Tax Season and Same-Sex Marriages
Washington state became one of three states to approve same-sex marriages earlier this year. When voters approved laws giving them the legal right to marry, many same-sex couples rushed to the courthouse to be wed.
Although several states have given these couples the legal right to wed, federal laws do not recognize these marriages and with tax season arriving soon in the new year, same-sex married couples will not receive the same tax breaks that heterosexual married couples will.
The research director of the Williams Institute for Sexual Orientation Law and Public Policy at the University of California, Los Angeles, M.V. Lee Badgett said that the gap between state and federal laws as it pertains to same-sex spouses creates both a complicated and costly tax season for these couples. “It’s certainly a big headache for people. I’ve seen them reduced to tears.”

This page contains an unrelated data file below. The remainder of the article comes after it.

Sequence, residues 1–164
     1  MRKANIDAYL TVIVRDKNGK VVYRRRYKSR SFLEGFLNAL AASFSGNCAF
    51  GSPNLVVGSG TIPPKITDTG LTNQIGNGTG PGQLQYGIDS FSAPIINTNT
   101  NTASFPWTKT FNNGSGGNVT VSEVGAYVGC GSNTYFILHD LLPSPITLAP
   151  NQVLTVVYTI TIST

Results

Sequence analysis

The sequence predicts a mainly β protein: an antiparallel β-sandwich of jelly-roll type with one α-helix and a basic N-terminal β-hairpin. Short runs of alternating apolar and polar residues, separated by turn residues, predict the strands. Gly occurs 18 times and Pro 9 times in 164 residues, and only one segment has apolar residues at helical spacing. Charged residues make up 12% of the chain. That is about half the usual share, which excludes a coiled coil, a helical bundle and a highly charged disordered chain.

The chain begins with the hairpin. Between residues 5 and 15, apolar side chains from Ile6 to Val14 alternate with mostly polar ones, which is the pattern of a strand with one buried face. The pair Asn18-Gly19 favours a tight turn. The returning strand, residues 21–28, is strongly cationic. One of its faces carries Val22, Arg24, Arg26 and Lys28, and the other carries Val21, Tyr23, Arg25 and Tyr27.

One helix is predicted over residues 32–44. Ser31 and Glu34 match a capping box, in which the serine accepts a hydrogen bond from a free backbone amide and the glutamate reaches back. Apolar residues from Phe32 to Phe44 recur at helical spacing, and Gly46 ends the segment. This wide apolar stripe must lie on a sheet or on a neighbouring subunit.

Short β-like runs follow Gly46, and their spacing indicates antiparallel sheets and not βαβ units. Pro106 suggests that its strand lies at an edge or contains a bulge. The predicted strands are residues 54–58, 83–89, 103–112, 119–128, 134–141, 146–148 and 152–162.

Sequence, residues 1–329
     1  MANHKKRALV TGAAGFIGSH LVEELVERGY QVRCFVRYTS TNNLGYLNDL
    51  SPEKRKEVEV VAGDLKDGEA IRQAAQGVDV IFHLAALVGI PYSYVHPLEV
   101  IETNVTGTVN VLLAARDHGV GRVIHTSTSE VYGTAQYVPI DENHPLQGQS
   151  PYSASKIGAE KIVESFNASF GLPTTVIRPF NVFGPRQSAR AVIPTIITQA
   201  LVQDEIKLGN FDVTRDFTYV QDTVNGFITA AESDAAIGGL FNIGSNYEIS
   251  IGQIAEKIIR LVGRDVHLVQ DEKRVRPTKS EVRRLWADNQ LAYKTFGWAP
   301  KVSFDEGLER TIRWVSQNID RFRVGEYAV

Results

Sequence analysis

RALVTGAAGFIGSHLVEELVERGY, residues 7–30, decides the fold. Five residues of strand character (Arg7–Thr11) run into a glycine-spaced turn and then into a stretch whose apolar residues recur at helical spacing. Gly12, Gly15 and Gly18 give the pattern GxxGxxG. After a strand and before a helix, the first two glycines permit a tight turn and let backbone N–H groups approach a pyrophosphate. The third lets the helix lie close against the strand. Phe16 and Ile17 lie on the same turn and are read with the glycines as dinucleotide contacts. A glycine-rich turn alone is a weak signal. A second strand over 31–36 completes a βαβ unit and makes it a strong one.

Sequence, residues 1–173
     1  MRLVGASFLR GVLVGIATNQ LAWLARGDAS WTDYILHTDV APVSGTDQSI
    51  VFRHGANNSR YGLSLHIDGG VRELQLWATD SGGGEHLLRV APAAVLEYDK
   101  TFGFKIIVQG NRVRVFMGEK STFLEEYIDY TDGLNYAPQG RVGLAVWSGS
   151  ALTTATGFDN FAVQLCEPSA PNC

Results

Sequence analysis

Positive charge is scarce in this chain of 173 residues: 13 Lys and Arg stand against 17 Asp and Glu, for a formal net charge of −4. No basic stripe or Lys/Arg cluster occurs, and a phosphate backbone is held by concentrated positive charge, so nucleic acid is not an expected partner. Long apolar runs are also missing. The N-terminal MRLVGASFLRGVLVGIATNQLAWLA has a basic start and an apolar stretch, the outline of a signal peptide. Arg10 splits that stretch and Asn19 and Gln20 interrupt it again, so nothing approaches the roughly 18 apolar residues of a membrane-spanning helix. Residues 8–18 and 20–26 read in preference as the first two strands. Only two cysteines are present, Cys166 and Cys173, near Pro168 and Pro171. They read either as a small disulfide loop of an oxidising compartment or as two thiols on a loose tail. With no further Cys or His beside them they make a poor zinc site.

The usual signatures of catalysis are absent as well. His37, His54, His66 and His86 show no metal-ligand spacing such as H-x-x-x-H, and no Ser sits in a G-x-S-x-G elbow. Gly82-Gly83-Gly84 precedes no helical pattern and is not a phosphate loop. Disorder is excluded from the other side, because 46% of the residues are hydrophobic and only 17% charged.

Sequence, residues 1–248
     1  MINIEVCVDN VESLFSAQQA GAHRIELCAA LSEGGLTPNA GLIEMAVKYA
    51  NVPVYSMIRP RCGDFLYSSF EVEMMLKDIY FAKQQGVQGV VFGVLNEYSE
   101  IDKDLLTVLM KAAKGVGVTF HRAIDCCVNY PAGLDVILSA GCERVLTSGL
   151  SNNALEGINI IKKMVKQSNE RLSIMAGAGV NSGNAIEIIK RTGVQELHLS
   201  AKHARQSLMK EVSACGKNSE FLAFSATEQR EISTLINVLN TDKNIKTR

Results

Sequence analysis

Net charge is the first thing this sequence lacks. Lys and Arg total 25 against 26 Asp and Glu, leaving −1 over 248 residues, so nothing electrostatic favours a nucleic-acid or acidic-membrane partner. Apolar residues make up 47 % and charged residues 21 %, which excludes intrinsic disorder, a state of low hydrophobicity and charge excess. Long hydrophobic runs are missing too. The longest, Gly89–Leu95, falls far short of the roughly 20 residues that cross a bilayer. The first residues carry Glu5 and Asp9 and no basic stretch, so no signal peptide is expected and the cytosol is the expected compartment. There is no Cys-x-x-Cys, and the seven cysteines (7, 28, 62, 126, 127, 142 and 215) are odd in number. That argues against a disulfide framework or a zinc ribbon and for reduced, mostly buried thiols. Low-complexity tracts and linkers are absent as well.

A Supreme Court decision on the issue, which could clear the way for the federal government to recognize same-sex marriages in those states where it is legal – Washington, Maryland, Maine Massachusetts, Connecticut, Iowa, Vermont, New Hampshire, New York and the District of Columbia – is not expected until June 2013. If the court strikes down the Defense of Marriage Act and recognizes same-sex marriages, it would mean these couples could file joint tax returns and be eligible for not only tax breaks, but other government benefits, such as Social Security and spousal support, that heterosexual spouses enjoy.
As it stands currently, same-sex couples must first fill out a mock federal tax form as a married couple, which they use to file their state tax returns. They then, must go back and file a second set of federal tax returns as if they were both single.
In community property states, couples are required to split their wages down the middle. Same-sex partners who received health benefits from their spouse’s employer, are taxed on those benefits, whereas heterosexual spouses are not. Many of the IRS rules pertain to marriage and same-sex spouses in federal eyes are not recognized as married couples and, thus, do not receive many of the benefits that heterosexual spouses do.
Because of the complexity of legal issues related to same-sex marriages, it is wise for a couple to seek advice from an experienced attorney on the tax implications of their union before filing their taxes this upcoming tax season.
Original article here.